ACADEMIC EMERGENCY MEDICINE 2011; 18:1081–1089 © 2011 by the Society for Academic Emergency Medicine


Objectives:  The objective was to critically appraise and highlight medical education research studies published in 2010 that were methodologically superior and whose outcomes were pertinent to teaching and education in emergency medicine (EM).

Methods:  A search of the English language literature in 2010 querying PubMed, Scopus, Education Resources Information Center (ERIC), and PsychInfo identified 41 EM studies that used hypothesis-testing or observational investigations of educational interventions. Five reviewers independently ranked all publications based on 10 criteria, including four related to methodology, that were chosen a priori to standardize evaluation by reviewers. This method was used previously to appraise medical education published in 2008 and 2009.

Results:  Five medical education research studies met the a priori criteria for inclusion and are reviewed and summarized here. Comparing the literature of 2010 to 2008 and 2009, the number of published educational research papers increased from 30 to 36 and then to 41. The number of funded studies remained fairly stable over the past 3 years at 13 (2008), 16 (2009), and 9 (2010). As in past years, research involving the use of technology accounted for a significant number of publications (34%), including three of the five highlighted studies.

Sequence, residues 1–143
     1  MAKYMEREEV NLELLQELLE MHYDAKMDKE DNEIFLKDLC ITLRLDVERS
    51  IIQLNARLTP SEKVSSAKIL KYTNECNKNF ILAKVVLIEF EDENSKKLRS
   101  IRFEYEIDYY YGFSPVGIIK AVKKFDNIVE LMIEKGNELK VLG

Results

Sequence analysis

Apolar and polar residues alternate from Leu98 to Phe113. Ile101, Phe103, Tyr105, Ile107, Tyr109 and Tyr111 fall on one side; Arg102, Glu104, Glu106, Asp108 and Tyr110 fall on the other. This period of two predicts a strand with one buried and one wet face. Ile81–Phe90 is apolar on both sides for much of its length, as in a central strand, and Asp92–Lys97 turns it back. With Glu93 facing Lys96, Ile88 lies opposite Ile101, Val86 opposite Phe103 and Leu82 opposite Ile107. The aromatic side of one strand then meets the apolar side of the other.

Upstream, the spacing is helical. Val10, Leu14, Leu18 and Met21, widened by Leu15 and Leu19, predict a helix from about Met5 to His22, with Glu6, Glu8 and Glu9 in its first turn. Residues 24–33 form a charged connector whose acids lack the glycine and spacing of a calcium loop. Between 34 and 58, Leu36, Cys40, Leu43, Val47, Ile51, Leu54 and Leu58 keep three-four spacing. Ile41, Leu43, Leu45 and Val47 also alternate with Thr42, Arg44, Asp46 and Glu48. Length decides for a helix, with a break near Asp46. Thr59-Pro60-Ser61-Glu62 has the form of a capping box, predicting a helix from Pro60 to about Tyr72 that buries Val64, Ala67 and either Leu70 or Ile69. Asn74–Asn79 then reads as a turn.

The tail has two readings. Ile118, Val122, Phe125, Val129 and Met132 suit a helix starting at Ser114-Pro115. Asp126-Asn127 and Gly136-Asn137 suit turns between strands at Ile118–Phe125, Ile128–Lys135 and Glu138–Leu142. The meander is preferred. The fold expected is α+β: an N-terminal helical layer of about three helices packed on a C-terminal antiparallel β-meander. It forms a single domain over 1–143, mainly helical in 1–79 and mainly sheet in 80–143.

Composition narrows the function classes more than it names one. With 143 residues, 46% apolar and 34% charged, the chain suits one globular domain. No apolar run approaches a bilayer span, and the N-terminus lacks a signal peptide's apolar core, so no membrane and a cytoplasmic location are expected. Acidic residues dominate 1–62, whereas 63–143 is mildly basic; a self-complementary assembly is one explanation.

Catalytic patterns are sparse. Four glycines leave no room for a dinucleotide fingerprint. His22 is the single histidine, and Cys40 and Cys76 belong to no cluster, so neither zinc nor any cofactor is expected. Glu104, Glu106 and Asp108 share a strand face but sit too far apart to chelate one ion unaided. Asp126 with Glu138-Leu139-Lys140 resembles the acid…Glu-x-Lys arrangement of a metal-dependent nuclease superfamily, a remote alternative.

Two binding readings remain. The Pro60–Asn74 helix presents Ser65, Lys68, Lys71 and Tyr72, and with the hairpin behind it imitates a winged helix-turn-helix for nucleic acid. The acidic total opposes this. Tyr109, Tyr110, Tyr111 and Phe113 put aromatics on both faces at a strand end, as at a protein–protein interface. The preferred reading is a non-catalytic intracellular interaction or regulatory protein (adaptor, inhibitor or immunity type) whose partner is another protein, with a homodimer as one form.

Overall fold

Conclusions:  Forty-one EM educational studies published in 2010 were identified. This critical appraisal reviews and highlights five studies that met a priori quality indicators. Current trends and common methodologic pitfalls in the 2010 papers are noted.